The month of June 2015 begins with an especially depressing fact pattern in the California Supreme Court:
"In 2007, Gilton Pitre was paroled from state prison. Before his release, the
State Department of Mental Health (DMH) assessed whether he should be civilly
committed under the Sexually Violent Predators Act (SVPA). (Welf. & Inst.
Code, § 6600 et seq.) Ultimately, the Director of Mental Health did not request a
petition for commitment and Pitre left prison. Four days later, he raped and
murdered plaintiff Elaina Novoa‘s 15-year-old sister, Alyssa Gomez."
You might think that since the California Supreme Court is hearing the case, and it's one that involves the above facts, it's a death penalty opinion. Not true. At issue is a civil lawsuit against the State. Mr. Pitre received life in prison, not death.
You might also think from the lineup in the California Supreme Court that it's a contentious result. Justice Corrigan's majority opinion is joined by three justices -- Chief Justice Cantil-Sakauye and Justices Chin and Cuellar -- and Justice Werdegar's contrary opinion is joined by two (Justices Liu and Kruger). So it's a 4-3.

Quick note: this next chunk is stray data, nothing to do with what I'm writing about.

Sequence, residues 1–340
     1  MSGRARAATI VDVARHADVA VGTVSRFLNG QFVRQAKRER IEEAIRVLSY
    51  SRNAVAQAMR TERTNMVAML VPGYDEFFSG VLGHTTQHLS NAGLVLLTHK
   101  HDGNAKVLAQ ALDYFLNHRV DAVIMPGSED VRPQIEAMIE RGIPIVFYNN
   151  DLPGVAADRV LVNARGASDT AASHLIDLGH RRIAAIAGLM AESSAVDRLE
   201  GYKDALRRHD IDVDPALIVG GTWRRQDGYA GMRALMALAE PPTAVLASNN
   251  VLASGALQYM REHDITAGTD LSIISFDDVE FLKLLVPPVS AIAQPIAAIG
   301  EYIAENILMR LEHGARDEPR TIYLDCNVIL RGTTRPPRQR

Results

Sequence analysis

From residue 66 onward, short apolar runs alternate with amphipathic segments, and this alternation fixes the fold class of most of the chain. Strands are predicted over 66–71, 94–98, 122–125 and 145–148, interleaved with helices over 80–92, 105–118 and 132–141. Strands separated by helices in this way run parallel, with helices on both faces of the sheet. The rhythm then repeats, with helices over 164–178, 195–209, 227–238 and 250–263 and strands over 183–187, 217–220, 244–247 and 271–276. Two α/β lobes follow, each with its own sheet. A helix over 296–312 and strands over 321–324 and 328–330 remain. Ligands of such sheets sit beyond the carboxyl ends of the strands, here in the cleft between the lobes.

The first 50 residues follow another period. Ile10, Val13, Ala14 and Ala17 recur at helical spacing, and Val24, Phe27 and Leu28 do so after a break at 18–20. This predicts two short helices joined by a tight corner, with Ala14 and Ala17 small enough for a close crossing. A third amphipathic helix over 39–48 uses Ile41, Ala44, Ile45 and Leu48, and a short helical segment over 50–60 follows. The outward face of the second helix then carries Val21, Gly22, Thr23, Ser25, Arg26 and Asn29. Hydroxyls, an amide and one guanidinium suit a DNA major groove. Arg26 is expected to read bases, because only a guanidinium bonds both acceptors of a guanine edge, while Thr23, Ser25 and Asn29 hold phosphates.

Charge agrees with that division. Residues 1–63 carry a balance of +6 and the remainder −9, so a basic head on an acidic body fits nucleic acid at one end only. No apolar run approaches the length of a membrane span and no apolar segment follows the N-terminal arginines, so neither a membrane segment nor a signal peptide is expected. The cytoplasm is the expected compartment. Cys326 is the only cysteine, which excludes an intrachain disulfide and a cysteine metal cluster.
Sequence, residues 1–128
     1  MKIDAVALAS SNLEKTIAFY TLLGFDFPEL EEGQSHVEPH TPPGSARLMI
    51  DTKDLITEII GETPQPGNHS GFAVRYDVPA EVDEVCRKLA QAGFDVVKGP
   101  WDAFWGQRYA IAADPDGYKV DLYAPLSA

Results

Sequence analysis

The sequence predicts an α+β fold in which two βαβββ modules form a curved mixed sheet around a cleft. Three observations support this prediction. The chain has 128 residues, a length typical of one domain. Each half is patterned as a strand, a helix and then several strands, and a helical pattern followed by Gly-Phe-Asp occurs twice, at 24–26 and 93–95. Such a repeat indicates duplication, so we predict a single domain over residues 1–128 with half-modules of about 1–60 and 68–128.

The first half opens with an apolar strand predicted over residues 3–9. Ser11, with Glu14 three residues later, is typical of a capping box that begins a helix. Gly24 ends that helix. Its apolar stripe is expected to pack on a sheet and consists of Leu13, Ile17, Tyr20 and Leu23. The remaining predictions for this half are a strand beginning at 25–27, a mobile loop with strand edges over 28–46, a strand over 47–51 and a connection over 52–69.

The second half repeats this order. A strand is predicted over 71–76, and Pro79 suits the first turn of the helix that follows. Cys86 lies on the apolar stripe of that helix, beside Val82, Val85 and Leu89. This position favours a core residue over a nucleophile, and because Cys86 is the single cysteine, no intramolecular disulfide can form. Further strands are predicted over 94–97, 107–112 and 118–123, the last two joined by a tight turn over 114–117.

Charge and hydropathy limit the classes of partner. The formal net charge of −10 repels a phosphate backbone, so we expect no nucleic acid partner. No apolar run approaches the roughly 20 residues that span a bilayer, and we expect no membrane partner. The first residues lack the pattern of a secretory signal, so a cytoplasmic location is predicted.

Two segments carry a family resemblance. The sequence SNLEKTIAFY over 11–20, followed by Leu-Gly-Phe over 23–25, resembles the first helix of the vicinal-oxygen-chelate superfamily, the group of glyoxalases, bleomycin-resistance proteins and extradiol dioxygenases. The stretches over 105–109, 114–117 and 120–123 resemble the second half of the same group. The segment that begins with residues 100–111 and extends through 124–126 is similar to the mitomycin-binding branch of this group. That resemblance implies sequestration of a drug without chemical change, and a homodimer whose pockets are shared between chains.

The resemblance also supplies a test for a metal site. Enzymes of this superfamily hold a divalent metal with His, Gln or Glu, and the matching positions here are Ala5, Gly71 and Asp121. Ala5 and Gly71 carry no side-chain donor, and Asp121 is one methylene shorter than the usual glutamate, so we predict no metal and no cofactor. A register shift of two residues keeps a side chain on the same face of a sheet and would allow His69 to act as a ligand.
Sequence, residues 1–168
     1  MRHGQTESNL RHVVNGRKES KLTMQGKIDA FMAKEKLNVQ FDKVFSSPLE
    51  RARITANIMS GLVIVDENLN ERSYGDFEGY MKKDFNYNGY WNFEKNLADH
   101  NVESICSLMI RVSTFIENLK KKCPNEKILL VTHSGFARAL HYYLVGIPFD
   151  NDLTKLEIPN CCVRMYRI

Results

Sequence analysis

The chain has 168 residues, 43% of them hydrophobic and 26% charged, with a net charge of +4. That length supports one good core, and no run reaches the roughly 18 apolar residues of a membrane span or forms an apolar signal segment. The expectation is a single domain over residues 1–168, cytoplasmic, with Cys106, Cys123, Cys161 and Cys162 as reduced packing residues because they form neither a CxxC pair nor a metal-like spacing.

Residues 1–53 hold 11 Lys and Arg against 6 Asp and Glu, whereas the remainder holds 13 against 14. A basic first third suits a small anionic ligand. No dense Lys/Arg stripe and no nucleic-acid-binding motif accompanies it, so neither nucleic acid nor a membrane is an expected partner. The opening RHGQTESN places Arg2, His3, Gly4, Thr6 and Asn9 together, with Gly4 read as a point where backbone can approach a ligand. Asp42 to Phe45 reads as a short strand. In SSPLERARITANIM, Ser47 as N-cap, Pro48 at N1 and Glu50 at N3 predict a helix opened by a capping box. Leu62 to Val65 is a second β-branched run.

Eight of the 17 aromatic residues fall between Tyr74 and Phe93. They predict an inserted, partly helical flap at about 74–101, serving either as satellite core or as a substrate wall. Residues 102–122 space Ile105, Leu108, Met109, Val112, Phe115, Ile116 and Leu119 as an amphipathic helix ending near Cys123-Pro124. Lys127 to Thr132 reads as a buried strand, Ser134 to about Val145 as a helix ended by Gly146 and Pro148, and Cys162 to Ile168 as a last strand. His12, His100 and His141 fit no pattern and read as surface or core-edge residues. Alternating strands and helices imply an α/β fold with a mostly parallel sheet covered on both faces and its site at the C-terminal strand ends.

Yet that's not really true either. Every single justice agrees not only on the result, but also that there's no proximate cause. It's true that the Department of Mental Health was required to evaluate Mr. Pitre before his release with two doctors, not just one. (The one doctor concluded that Mr. Pitre was not a sexually violent predator, and on that basis the state exercised its discretion not to seek the further involuntary commitment of Mr. Pitre.) But even if that might have been a but-for cause of Ms. Gomez's death, the California Supreme Court unanimously agrees that it wasn't the proximate cause. Hence that the lawsuit against the Department of Mental Health was properly dismissed.
The only disagreement between the justices is over precisely why there's not proximate cause; in particular, whether public policy concerns also support the conclusion that there's no proximate cause.
Which is an interesting debate, but also one that's entirely academic. Because there's no proximate cause here. End of story.